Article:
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Community character to factor into Encinitas roadside standards

Instead of a one-size-fits-all approach, Encinitas is developing roadside standards that take neighborhoods’ character into account.

Currently, Encinitas code states that new homes and major remodels on residential streets must put in curb, gutter and sidewalk improvements — no matter if surrounding homes have them.

The Encinitas City Council gave direction Nov. 12 for staff to craft revised rules giving the staff discretion over whether sidewalks are required in front of new houses on a neighborhood-by-neighborhood basis. Final language will go before the council for a vote in two or three months.

“We have tree-lined streets,” Mayor Kristin Gaspar said. “We have sidewalk-lined streets — take your pick. But I guarantee most people move to the neighborhood that they enjoy, and they don’t picture it dramatically different. We want to be supportive of that.”

Glenn Pruim, the director of Public Works and Engineering, said residents have opposed “cookie cutter” citywide standards. But on the flip side, he said it could be a tough call in some instances for city staff to decide whether to mandate sidewalks in a given neighborhood.

“How much curb and gutter does there need to be in a neighborhood before you say it’s part of the community character?” Pruim asked.

However, he added a staff decision on the matter is appealable to the council.

Councilwoman Lisa Shaffer said it’s important that sidewalks connect to make neighborhoods more walkable. But she also stated forcing someone to install curb-and-gutter improvements in a rural area without concrete in sight doesn’t make sense.

The conflict over street standards versus community character boiled over two years ago when the city stipulated that residents looking to build a home on Crest Drive put in a curb, sidewalk and dedicate the edge of the property to the public right of way.

Local architect Kevin Farrell, who filed an appeal, argued that those proposed improvements clashed with the rest of Crest Drive, known for its rural feel and lack of sidewalks.

Council ultimately granted the appeal and the portion of Crest Drive that runs from Birmingham Drive to Santa Fe Drive was later named a “special case” street. That means it’s one of 70 city streets that’s exempt from public improvement mandates.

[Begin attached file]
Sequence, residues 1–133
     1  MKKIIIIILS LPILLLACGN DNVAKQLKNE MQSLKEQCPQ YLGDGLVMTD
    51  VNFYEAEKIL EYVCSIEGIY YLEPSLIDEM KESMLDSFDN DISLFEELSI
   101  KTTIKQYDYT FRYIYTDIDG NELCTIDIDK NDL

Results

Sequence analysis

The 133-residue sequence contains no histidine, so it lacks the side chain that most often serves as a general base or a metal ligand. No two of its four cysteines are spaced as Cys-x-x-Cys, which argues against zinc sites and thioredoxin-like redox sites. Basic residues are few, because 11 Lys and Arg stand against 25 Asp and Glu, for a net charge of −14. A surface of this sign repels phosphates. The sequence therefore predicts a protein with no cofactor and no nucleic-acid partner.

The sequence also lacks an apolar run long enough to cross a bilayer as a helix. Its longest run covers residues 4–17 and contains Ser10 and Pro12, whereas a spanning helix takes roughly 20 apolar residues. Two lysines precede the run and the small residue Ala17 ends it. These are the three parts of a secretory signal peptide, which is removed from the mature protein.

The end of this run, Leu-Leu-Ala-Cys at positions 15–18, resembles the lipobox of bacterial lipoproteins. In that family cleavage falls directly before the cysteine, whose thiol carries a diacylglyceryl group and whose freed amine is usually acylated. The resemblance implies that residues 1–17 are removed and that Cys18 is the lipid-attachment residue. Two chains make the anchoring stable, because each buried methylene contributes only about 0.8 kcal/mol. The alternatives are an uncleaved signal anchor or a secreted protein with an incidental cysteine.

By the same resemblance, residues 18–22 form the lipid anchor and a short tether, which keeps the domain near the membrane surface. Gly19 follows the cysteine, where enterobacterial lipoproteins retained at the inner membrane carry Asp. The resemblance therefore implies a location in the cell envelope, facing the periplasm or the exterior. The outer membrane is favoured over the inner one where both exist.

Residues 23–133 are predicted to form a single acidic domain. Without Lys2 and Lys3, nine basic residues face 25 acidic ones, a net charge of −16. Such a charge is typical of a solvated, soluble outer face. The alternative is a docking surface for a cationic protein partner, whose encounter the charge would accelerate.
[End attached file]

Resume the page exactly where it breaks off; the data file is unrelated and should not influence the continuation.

After hearing from residents vocally opposed to sidewalks, the council also voted unanimously Nov. 12 to expand the Crest Drive designation north to Melba Drive.

Farrell, other local architects and engineers are part of a committee that’s worked with city staff to develop the proposed street changes. He said at the Nov. 12 meeting that demanding infrastructure improvements in all areas is not only out of step with many neighborhoods, but also expensive for homeowners.

“It’s costly and doesn’t fit,” he said.

Besides waiving certain improvements, the majority of the 12-member committee recommended relaxing rules to say that each new home must make room for at least one on-street parking space. That way, more trees or landscaping would be allowed on the edge of sites.

But parking-challenged areas — Cardiff west of Interstate 5 and Leucadia west of Coast Highway 101 — would have to provide on-street parking for the entire property length. This is the current standard throughout the city.

According to the staff report, the committee’s dissenting minority argued that new homes have garages and driveways, meeting parking needs in less-dense parts of the city.

However, Councilwoman Teresa Barth noted that neighbors raised concerns about parking even with the controversial Desert Rose development in rural Olivenhain. She added that the one-parking space standard “is a good compromise.”

The council also agreed to vote on that and other less restrictive roadside standards in two or three months.


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